Bush management agenda wins nods

President's management agenda

The Bush administration's newly released management agenda, aimed at improving government performance in areas ranging from information technology to budget decisions, is drawing praise from across the federal community.

Agencies, members of Congress and private-sector advisory groups say President Bush's strategy of taking on a focused set of initiatives rather than trying to reform many areas at once will likely yield governmentwide results before the next presidential election. And that could make the difference in meeting the mandate of making government more accountable to its citizens.

"They seem to have identified specific things that, if they were in fact fixed, would matter," said Barry White, director of government performance projects at the nonprofit Council for Excellence in Government. "If they hammer at it enough, they will make some progress."

The Office of Management and Budget officially released the president's management agenda Aug. 25. The agenda covers five areas, including expanding e-government and improving management of the federal workforce (see box).

OMB detailed nine agency-specific initiatives, such as developing better coordination between medical care systems in the Defense and Veterans Affairs departments so they can share information. And initiatives with measurable results are key to the Bush strategy, said Sean O'Keefe, deputy director of OMB.

"If you're looking for a "Hail Mary' pass in any of this, the little zinger that's going to be the management initiative, that's going to take on some momentous question you can read the entire report and not find one like that," O'Keefe said. "Instead, this is reflective of the serious business of going about the day-in, day-out kind of management challenges that confront an organization the size of the federal government." That focus is what differentiates the Bush reform agenda from previous ones, and there have been many because every administration "discovers the importance of improving government," White said.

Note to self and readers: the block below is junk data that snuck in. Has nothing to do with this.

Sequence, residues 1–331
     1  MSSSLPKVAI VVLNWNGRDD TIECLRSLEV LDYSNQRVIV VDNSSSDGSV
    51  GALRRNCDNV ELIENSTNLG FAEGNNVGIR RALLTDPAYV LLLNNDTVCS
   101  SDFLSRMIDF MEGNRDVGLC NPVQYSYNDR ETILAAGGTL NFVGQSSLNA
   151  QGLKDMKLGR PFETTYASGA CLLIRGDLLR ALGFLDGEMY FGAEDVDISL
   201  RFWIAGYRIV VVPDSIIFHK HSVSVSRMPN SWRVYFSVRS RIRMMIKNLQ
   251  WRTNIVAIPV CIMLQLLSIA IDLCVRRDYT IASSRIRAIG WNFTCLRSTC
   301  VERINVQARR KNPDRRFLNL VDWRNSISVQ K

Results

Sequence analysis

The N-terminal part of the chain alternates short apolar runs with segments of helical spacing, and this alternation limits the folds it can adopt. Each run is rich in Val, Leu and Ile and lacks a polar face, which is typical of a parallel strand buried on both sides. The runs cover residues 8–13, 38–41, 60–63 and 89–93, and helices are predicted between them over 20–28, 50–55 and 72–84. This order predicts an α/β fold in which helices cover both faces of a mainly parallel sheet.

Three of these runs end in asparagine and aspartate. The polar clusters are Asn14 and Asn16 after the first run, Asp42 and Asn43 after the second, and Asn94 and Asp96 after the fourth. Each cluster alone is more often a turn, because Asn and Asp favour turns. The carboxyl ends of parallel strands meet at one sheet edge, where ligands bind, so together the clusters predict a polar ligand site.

OMB officials have been talking about the five management agenda items since May. Those discussions, and the fact that the effort is clearly placed within OMB, demonstrate an important focus from the administration on consistently pushing those initiatives instead of wandering, White said.

Earlier initiatives, such as the National Partnership for Reinventing Government started by Vice President Gore in 1993, lacked a specific focus, he said. And NPR also may have suffered because the Clinton administration separated the reform effort from OMB into a completely new organization, he said.

That does not mean NPR and other efforts did not make a difference at the agency level, said Jim Flyzik, vice chairman of the CIO Council and chief information officer at the Treasury Department. "There have been pockets of success in all the initiatives in the past," Flyzik said.

Beyond the tight focus, a key difference in this agenda is that it is the first in which the president cites e-government as a specific initiative, with an OMB-led interagency task force that will release a set of quick-hit governmentwide initiatives later this month, Flyzik said. "But all of the reforms, in one way or another, will touch on technology."

Sen. Fred Thompson (R-Tenn.), ranking member of the Senate Governmental Affairs Committee, called the agenda "very impressive," pointing out the way it mirrors the committee's own focus over the past several years. And the administration's commitment to "supply the sustained interest that is so desperately needed" bodes well for a good partnership with Congress, said Rep. Stephen Horn (R-Calif.), chairman of the House Government Reform Committee's Subcommittee on Government Efficiency, Financial Management and Intergovernmental Relations.


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